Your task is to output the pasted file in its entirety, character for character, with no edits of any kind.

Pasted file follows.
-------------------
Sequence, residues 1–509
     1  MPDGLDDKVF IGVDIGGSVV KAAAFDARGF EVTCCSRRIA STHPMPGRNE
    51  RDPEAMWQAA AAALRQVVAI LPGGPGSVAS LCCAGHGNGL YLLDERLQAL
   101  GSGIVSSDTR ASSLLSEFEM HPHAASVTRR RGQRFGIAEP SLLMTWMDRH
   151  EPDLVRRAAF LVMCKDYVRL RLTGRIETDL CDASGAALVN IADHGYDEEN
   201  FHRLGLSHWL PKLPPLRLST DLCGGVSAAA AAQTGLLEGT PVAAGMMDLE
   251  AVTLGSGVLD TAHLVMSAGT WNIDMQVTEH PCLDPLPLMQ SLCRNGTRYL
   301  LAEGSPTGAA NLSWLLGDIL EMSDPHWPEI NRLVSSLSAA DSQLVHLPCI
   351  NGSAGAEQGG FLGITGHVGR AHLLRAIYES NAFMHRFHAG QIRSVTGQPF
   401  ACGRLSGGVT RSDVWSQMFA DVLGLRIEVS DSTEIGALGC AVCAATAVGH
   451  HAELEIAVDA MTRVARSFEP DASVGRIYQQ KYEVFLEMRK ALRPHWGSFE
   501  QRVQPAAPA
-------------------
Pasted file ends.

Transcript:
Sequence, residues 1–509
     1  MPDGLDDKVF IGVDIGGSVV KAAAFDARGF EVTCCSRRIA STHPMPGRNE
    51  RDPEAMWQAA AAALRQVVAI LPGGPGSVAS LCCAGHGNGL YLLDERLQAL
   101  GSGIVSSDTR ASSLLSEFEM HPHAASVTRR RGQRFGIAEP SLLMTWMDRH
   151  EPDLVRRAAF LVMCKDYVRL RLTGRIETDL CDASGAALVN IADHGYDEEN
   201  FHRLGLSHWL PKLPPLRLST DLCGGVSAAA AAQTGLLEGT PVAAGMMDLE
   251  AVTLGSGVLD TAHLVMSAGT WNIDMQVTEH PCLDPLPLMQ SLCRNGTRYL
   301  LAEGSPTGAA NLSWLLGDIL EMSDPHWPEI NRLVSSLSAA DSQLVHLPCI
   351  NGSAGAEQGG FLGITGHVGR AHLLRAIYES NAFMHRFHAG QIRSVTGQPF
   401  ACGRLSGGVT RSDVWSQMFA DVLGLRIEVS DSTEIGALGC AVCAATAVGH
   451  HAELEIAVDA MTRVARSFEP DASVGRIYQQ KYEVFLEMRK ALRPHWGSFE
   501  QRVQPAAPA